Africanized honey bees are a more temperamental relative of the common garden honey bee, known as the European honey bee. They have sometimes been called "killer bees" and they certainly are not that, but they will defend their hive more rapidly than European honey bees, and usually sting in greater numbers.
The entire county, from the desert to the coast, is considered colonized by Africanized honey bees. The possibility of a bee sting is greater in the spring and fall.
Bees nest in cavities such as holes in the ground, hollow trees, discarded tires, or water meter boxes.
Treat honey bee colonies as you would any other venomous creature, such as a snake or a scorpion. Be alert and stay away! If you can avoid disturbing them in any way, they usually will not sting.
Wear Appropriate Clothing
- When hiking, wear light-colored clothing
- Wear white socks; honey bees are known to sting the ankles of people wearing dark socks
- Always wear full-length pants when hiking and long-sleeved shirts if possible
- Avoid wearing shiny jewelry and leather, which attract bees
- Avoid wearing perfumes or scents
Avoid Excessive Motion when Near a Colony
- Don't swat at bees.
- Do not panic if you spot a bees' nest, just move away slowly and deliberately
- Avoid operating machinery (mowers, line-trimmers or chain saws) near nests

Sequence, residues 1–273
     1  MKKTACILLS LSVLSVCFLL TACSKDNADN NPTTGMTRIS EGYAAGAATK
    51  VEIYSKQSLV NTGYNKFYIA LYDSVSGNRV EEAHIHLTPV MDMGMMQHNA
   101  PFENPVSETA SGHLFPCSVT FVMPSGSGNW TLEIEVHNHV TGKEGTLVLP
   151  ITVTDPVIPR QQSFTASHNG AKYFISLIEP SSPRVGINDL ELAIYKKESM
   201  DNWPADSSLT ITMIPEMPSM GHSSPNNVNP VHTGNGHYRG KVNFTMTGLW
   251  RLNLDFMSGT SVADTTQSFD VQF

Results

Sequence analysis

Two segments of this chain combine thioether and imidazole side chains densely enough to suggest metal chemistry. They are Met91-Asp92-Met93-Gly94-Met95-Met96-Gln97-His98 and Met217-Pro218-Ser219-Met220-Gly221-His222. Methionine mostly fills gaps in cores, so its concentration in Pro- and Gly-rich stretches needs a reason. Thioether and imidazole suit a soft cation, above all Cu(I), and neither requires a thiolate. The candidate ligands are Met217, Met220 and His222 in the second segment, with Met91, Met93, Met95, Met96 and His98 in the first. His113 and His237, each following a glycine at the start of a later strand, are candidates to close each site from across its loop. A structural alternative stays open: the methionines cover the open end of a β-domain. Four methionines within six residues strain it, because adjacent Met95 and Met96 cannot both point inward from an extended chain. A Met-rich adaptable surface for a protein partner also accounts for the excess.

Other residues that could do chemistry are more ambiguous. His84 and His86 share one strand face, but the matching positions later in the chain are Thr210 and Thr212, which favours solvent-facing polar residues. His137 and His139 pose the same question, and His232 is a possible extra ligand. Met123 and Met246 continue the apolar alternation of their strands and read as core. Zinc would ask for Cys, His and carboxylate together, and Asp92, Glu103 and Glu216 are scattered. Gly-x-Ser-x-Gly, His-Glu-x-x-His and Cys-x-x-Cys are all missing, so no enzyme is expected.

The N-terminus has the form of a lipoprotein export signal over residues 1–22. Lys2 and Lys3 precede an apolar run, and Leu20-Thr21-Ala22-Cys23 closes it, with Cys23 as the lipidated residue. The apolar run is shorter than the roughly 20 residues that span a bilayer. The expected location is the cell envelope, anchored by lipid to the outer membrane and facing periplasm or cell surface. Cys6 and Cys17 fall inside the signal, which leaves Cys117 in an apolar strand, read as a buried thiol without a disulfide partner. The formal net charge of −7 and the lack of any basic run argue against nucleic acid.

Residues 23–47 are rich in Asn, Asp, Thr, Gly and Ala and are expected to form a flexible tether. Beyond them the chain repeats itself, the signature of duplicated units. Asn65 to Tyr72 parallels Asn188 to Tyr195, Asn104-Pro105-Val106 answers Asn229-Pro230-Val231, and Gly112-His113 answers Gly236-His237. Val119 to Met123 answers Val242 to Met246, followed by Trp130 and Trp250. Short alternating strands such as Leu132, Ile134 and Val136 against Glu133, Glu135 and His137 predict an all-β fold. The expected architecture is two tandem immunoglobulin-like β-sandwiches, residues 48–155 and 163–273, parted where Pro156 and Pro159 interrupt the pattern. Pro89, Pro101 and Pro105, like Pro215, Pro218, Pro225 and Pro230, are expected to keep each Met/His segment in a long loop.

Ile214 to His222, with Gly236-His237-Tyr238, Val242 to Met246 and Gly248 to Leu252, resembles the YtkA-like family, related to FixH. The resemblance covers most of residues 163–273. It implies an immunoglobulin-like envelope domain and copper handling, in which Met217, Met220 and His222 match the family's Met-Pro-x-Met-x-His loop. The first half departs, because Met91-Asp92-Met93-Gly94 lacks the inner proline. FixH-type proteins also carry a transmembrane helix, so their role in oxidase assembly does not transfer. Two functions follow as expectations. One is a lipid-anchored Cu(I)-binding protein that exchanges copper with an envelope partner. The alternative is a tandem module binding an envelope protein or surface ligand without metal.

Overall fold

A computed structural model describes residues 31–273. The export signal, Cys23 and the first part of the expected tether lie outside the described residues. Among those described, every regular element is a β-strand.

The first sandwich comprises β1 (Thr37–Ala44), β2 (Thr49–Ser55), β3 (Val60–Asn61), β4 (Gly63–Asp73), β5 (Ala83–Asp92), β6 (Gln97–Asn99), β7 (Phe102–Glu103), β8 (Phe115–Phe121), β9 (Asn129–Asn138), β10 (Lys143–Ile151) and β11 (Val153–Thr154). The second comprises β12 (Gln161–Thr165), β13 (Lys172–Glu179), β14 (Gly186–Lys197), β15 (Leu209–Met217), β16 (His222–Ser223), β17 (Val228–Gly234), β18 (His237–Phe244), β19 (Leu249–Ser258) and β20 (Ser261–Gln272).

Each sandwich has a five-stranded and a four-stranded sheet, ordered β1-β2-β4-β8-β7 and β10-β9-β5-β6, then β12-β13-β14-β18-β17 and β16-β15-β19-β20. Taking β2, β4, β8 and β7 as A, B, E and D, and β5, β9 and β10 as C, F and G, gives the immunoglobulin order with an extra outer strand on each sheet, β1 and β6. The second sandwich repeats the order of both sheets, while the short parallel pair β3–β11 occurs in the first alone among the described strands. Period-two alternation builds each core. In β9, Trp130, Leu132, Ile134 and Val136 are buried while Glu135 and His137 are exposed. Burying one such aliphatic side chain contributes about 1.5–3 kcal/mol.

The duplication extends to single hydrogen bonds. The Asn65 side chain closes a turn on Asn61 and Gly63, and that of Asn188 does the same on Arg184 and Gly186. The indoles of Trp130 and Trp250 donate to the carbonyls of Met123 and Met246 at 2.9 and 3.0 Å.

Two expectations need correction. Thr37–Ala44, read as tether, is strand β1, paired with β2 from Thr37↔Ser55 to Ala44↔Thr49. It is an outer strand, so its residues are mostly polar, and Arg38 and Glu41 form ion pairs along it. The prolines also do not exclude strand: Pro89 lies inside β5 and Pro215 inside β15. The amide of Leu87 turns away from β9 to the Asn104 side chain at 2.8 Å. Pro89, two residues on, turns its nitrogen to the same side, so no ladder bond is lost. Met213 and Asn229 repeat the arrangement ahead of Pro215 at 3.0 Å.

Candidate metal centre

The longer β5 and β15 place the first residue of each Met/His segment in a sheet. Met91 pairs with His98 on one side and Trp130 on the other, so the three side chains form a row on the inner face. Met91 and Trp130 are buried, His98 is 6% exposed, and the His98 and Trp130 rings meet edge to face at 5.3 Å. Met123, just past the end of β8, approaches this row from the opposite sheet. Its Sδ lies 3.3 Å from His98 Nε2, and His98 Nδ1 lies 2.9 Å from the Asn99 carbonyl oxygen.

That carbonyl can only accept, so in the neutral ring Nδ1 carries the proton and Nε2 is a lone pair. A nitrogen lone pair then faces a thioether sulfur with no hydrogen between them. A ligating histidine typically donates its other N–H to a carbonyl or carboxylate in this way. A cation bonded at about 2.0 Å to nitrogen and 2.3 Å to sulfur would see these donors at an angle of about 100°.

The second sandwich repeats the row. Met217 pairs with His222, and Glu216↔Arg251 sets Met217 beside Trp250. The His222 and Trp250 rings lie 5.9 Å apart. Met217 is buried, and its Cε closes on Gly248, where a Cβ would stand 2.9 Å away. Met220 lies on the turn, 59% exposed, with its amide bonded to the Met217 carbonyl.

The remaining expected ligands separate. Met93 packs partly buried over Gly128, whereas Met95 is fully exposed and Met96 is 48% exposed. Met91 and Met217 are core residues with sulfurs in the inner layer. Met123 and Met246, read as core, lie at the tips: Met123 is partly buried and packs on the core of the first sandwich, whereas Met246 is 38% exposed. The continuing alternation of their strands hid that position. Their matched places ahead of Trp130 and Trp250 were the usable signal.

- If you are attacked by several bees, the best strategy is to run to shelter as quickly as possible
If You Are Stung
- Remove stingers as soon as possible. Scrape stingers off the skin with a fingernail or credit card. Do not use fingers or tweezers - this forces toxins into the victim's body
- If you have been stung more than 15 times, or are having symptoms other than swelling and local pain, get medical attention immediately.
- When hiking, it is best to keep your dog on a leash or under close control
- A large animal bounding through the brush may disturb a colony and be attacked
- Animals receive numerous stings because they cannot escape the bees
- Be careful not to tie or pen animals near honey bee hives. Even the mild-mannered European honey bee has been known to attack animals tied near its hives
- If your animals or pets are being stung, try to release them without endangering yourself